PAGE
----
More than $28 million was awarded on a competitive basis to cities, counties, districts and federally recognized Indian tribes in rural areas.
Brawley has received a $385,000 grant for a swimming pool upgrade through the bond, El Centro a $275,000 grant for McGee Park, and the county $490,000 for the building of Ocotillo Park.
Other local cities are in the process of either finalizing applications for the state grants, are beginning the application process or are looking into applying for the funds.
In Brawley the upgrade to the swimming pool will cost about $500,000 with that covered through the grant and an additional $165,000 from the city.
The upgrade, to be designed this year with construction likely done following the summer of 2003, involves re-plastering and re-tiling the pool, along with adding new heaters, new filtration and chlorination. The work will include a rehabilitation of the smaller wading pool along with other work on the pool area.
Brawley Parks and Recreation Director Karin Morgan added there is a chance the project could be done in a year, but she added first the city must bid out the design phase to a firm and that can be a lengthy process.
She said it is important that the pool not be closed during the summer, so with both the time it would take to do the design and construction, it likely will not be done until after the summer of 2003.
"If we can do it faster, fine," she said.
The pool was built in 1968 and last renovated in 1986.
The city of El Centro was awarded a $275,000 state grant for the renovation of McGee Park.
"This project will meet one of the city's most urgent parks and recreational needs," said Marty Tracey, El Centro parks and recreation director.
The total cost of the McGee Park project is about $393,000. The city's 30-percent matching funds, $118,000, will be funded through the use of parks development impact fees and in-house design and engineering.
"McGee Park was selected because it best meets the criteria of the grant program and because of the high volume of usage by the surrounding residents and the Police Athletic League," Tracey said.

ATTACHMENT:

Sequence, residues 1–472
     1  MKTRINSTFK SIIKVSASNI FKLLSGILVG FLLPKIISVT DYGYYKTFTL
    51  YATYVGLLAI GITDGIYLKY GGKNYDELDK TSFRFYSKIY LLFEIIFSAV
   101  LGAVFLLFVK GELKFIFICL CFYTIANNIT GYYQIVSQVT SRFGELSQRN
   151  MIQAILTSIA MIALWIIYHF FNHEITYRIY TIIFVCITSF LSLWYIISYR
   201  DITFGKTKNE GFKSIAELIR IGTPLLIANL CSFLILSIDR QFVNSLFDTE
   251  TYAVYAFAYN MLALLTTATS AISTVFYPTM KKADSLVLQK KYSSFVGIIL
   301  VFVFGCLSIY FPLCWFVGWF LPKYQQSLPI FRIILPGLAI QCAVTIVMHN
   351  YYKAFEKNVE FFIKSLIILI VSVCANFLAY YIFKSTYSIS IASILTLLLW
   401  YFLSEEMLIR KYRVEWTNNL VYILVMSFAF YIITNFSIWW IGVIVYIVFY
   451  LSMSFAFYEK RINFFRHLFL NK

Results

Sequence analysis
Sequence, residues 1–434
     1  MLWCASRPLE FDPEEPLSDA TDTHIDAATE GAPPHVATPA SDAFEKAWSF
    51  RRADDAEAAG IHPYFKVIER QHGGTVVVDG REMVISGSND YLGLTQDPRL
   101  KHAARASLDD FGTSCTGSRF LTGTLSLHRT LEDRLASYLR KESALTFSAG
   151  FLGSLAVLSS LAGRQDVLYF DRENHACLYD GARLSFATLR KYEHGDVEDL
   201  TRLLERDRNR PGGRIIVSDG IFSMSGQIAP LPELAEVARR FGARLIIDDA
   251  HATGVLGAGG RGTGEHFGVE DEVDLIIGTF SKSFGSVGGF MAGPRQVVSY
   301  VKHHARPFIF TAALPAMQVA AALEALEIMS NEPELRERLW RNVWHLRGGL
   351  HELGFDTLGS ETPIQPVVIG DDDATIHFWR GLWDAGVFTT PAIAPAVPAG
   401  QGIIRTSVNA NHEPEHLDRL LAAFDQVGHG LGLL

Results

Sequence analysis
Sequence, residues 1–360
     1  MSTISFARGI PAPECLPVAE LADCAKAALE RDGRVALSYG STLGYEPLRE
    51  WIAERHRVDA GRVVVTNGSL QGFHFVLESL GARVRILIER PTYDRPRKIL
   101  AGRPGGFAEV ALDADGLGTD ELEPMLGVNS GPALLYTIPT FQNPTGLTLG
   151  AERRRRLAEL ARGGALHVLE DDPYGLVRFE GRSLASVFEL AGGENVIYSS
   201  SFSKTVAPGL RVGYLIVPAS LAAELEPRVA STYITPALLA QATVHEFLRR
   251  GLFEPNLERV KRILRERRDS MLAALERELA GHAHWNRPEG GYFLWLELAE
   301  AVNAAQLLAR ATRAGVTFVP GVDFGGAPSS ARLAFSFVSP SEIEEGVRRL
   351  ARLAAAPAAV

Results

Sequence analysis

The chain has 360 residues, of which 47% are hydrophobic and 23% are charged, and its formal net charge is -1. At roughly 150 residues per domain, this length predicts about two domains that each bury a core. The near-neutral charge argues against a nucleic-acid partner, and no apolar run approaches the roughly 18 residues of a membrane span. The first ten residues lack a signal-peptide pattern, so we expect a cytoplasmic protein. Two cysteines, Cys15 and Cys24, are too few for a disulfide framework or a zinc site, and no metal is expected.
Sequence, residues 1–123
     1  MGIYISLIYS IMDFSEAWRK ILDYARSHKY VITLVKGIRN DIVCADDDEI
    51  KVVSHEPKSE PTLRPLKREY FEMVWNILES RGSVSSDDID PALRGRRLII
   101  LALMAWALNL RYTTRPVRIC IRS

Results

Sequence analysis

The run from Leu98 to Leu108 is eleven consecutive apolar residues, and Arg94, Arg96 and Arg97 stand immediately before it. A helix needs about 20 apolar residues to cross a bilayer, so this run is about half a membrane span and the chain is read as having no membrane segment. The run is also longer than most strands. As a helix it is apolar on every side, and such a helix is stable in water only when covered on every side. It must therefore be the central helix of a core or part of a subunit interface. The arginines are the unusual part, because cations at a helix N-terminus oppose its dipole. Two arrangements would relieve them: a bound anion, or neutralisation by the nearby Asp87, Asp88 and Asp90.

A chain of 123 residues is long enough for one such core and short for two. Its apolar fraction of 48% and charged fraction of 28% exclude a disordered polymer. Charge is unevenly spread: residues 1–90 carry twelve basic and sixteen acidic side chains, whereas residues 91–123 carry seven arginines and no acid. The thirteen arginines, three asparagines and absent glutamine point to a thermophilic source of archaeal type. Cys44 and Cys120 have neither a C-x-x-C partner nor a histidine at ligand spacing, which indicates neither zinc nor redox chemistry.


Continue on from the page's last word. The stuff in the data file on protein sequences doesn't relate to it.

The city can meet its matching funds requirement through the partial funding of new restrooms to service the park and adjacent soccer field. Other project improvements will include the installation of playground equipment that meets the requirements of the American with Disabilities Act, surfacing, a shade structure to cover portions of the playground equipment, reconstruction of the basketball court, a restroom/snack bar facility and a drinking water fountain.
There has been public support for upgrading the park across from the city's Community Center on South First Street, according to city officials.
The county received $490,000 from the state but will have to put up work services equal to $150,000 toward the Ocotillo Community Park project. The county applied for the grant in October after almost six years of planning and partial work by former county Supervisor Bill Cole.
The planned 6.5-acre park is designed to increase quality of life and decrease community isolation, according to an October letter by county property services director Randy Rister.
Other local cities are in the process of finalizing or submitting applications.
Calexico is finalizing its application for $174,000, which would be used to help cover costs related to its new skate park.
The city of Imperial is in the process of developing an application for Prop. 12 funds.
Imperial City Manger Vince Long said the city could use funds to help with the building of a new library or the development of a park plan for the city.
Calipatria and Westmorland officials said they are looking into applying for grant funds through Prop. 12.
Information was unavailable from the city of Holtville this morning.
>> Staff Writer Aaron Claverie contributed information to this story.